by Dominic Barton and David Court, HBR 10/12
Big data and analytics have rocketed to the top of the corporate agenda. Executives look with admiration at how Google, Amazon, and others have eclipsed competitors with powerful new business models that derive from an ability to exploit data. They also see that big data is attracting serious investment from technology leaders such as IBM and Hewlett-Packard. Meanwhile, the tide of private-equity and venture-capital investments in big data continues to swell.
The trend is generating plenty of hype, but we believe that senior leaders are right to pay attention. Big data could transform the way companies do business, delivering the kind of performance gains last seen in the 1990s, when organizations redesigned their core processes. As data-driven strategies take hold, they will become an increasingly important point of competitive differentiation. According to research by Andrew McAfee and Erik Brynjolfsson, of MIT, companies that inject big data and analytics into their operations show productivity rates and profitability that are 5% to 6% higher than those of their peers (see “Big Data: The Management Revolution” in this issue).
Even so, our experience reveals that most companies are unsure how to proceed. Leaders are understandably leery of making substantial investments in big data and advanced analytics. They’re convinced that their organizations simply aren’t ready. After all, companies may not fully understand the data they already have, or perhaps they’ve lost piles of money on data-warehousing programs that never meshed with business processes, or maybe their current analytics programs are too complicated or don’t yield insights that can be put to use. Or all of the above. No wonder skepticism abounds.
Many CEOs, too, recall their experiences with customer relationship management in the mid-1990s, when new CRM software products often prompted great enthusiasm. Experts descended on boardrooms promising impressive results if new IT systems were built to collect massive amounts of customer data. It didn’t turn out that way. Too many C-suites were blind to the practical implications of new CRM technologies—namely, that to capitalize on them, organizations would have to make complex process changes and build employees’ skills. The promised gains in performance were often slow in coming, because the systems remained stubbornly disconnected from how companies and frontline managers actually made decisions, and new demands for data management added complexity to operations. To be fair, most companies eventually managed to get their CRM programs on track, but not before some had suffered sizable losses and several CRM champions had lost career momentum.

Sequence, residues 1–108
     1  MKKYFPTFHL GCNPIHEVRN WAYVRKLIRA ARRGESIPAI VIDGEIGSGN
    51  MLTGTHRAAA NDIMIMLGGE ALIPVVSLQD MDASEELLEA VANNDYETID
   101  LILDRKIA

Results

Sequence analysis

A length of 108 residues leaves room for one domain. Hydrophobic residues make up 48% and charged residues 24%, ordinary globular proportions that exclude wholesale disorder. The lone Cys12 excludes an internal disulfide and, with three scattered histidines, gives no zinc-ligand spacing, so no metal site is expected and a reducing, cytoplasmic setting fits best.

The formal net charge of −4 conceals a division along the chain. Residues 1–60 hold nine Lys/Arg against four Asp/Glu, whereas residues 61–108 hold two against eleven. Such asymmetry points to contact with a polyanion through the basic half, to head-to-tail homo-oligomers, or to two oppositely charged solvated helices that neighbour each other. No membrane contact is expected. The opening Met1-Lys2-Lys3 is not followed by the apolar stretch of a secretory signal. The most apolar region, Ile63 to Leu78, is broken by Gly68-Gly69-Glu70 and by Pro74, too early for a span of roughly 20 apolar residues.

Given this history, we empathize with executives who are cautious about big data. Nevertheless, we believe that the time has come to define a pragmatic approach to big data and advanced analytics—one tightly focused on how to use the data to make better decisions.
In our work with dozens of companies in six data-rich industries, we have found that fully exploiting data and analytics requires three mutually supportive capabilities. (See the exhibit “How to Benefit from Big Data.”) First, companies must be able to identify, combine, and manage multiple sources of data. Second, they need the capability to build advanced analytics models for predicting and optimizing outcomes. Third, and most critical, management must possess the muscle to transform the organization so that the data and models actually yield better decisions. Two important features underpin those activities: a clear strategy for how to use data and analytics to compete, and deployment of the right technology architecture and capabilities.
Equally important, the desired business impact must drive an integrated approach to data sourcing, model building, and organizational transformation. That’s how you avoid the common trap of starting with the data and simply asking what it can do for you. Leaders should invest sufficient time and energy in aligning managers across the organization in support of the mission.
1. Choose the Right DataThe universe of data and modeling has changed vastly over the past few years. The sheer volume of information, particularly from new sources such as social media and machine sensors, is growing rapidly. The opportunity to expand insights by combining data is also accelerating, as more-powerful, less costly software abounds and information can be accessed from almost anywhere at any time. Bigger and better data give companies both more-panoramic and more-granular views of their business environment. The ability to see what was previously invisible improves operations, customer experiences, and strategy. But mastering that environment means upping your game, finding deliberate and creative ways to identify usable data you already have, and exploring surprising sources of information.1. Choose the Right Data